The Harper government’s plan to increase foreign investment in the telecom industry is in jeopardy after opposition parties signaled in a parliamentary committee they want the issue studied more.
Liberal, New Democrat and Bloc Quebecois members of the House of Commons Industry committee this week studying liberalizing the country’s telecom foreign ownership restrictions each issued minority reports calling for delay.
If the government wants to push the matter, it could fall and there could be an election over foreign investment.
Last week Industry minister Tony Clement put out three options for Canadians to consider for opening up foreign investment in telecom and broadcasting carriers. The deadline for submissions is July 30, with the government’s intention to introduce legislation in the fall.
But the opposition parties are balking.
The New Democrats say that, with new wireless companies entering the market, the laws shouldn’t be changed for two years. “To change the present regulatory regime during this period is unfair and discriminatory to those who complied with rules,” the party’s report said.
Besides, it added, removing telecom foreign ownership rules completely will lead to takeovers and the cutting down of competitors to only two or three. Like the Liberals, the NDP members also want more study on the impact of media convergence and the impact on Canadian sovereignty.
The Bloc Quebecois called for maintaining the existing foreign ownership regime and called for the government to pass legislation giving Quebec power over broadcasting and telecommunications within the province.
When the government introduces legislation, it always goes to a committee for study, which could meet the demands of the Liberals and the Bloc. However, it could also be a place where they could stall.
Simon Doyle, editor of The Wire, an Ottawa news service that follows government moves in the telecommunications industry, believes the committee split likely means any ownership reform legislation is dead.
“If it was tabled right now, I’d say yes,” he said, although admitting that anything can happen between now and the fall.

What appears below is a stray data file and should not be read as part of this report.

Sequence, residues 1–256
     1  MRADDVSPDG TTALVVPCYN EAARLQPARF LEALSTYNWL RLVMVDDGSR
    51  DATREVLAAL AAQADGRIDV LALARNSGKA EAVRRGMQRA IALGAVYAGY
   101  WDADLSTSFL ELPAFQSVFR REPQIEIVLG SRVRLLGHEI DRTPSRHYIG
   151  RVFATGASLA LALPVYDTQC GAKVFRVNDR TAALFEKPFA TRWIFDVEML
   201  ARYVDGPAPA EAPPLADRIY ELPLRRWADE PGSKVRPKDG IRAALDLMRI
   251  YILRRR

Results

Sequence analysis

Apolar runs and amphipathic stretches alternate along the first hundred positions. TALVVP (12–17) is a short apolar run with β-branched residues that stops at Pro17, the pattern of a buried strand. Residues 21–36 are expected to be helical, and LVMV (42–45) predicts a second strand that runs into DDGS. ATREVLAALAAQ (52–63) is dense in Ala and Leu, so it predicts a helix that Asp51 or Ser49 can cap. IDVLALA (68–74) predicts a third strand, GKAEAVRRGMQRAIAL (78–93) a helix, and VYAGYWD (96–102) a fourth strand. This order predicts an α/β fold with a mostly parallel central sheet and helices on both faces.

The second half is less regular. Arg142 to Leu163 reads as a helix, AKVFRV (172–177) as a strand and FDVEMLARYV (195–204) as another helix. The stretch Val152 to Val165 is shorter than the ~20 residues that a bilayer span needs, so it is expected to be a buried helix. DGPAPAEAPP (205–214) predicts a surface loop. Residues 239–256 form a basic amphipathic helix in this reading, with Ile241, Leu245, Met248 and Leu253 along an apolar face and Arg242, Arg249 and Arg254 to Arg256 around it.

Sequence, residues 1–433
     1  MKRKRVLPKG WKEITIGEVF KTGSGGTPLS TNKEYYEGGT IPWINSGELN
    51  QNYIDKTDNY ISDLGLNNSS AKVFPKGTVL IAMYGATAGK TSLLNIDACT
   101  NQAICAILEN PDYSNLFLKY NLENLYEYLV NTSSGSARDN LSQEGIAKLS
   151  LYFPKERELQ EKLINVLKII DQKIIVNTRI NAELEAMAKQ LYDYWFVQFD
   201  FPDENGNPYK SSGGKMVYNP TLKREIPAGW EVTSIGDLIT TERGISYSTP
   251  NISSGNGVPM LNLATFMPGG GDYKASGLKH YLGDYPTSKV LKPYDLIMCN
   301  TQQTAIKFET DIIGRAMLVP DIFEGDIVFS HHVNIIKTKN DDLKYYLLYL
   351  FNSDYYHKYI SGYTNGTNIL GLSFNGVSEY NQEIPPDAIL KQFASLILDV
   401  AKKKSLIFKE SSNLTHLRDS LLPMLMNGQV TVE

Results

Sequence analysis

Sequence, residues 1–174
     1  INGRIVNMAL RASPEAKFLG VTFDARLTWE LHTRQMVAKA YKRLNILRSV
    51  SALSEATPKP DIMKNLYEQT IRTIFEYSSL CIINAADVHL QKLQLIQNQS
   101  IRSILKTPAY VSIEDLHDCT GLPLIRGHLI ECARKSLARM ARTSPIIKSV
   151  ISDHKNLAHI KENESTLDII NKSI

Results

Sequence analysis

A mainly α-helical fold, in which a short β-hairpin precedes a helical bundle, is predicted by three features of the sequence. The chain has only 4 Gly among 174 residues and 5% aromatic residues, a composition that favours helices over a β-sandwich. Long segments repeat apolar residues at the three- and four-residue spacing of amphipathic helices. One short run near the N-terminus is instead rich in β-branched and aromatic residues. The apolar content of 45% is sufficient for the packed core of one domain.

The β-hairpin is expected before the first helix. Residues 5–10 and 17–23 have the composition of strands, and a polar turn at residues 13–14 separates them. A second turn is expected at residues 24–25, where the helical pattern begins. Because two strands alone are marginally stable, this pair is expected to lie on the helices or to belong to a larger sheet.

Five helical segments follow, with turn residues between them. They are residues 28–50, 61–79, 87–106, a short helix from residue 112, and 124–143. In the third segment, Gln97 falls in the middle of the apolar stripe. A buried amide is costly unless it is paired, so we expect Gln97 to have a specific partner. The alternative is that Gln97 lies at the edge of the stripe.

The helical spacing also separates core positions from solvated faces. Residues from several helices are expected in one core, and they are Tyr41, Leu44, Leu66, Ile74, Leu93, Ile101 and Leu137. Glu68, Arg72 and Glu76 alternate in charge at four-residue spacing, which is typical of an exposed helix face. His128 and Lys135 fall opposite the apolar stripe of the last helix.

“I don’t know how much they [the Conservatives] want to delve into this,” Doyle added, “because it’s not an easy policy file to tackle in a minority government when you have so many stakeholders going after you.”
The committee members did agree, however, that Canada’s telecommunications industry isn’t serving the country well and that foreign investment in the sector could turn that around.
“The recent performance of the Canadian telecommunications industry is, on the whole, unsatisfactory,” the committee’s joint report said. “In particular, the committee considers that the relatively low level of wireless phone penetration and the disappointing progression of broadband penetration in recent years are symptomatic that all is not well in Canada’s telecommunications industry (in terms of pricing, services offered, and the competitive environment in general).”
But the parties could only agree on two recommendations: that the government clarify the legal test in the Telecommunications Act that telecom companies have to meet to prove they are Canadian-controlled, and to remove all foreign ownership restrictions for satellite operators.
The Harper government has already promised to help satellite owners such as Telesat.
In the three options Clement put forward last week there is no mention of the so-called “control in fact” test of the Telecommunications Act, although the interpretation of that test led to a confrontation between the federal cabinet and the telecommunications regulator, the Canadian Radio-television and Telecommunications Commission (CRTC) on whether Globalive Wireless Management Corp. is Canadian-controlled.
The commission looked at the ownership structure and company’s financing from Egyptian-based Orascom Telecommunications Holding SAE and found it didn’t meet the test.
But last December the cabinet over-ruled the CRTC and said Globalive, the parent of startup wireless carrier Wind Mobile, is controlled by its majority Canadian shareholders.
A number of industry analysts have said clarifying how the act should be interpreted is vital to avoiding another clash between the government and the regulator.
However, the three options Clement put forward only deal with changing the present percentage limit on foreign investment for the broadcast and telecom carriers.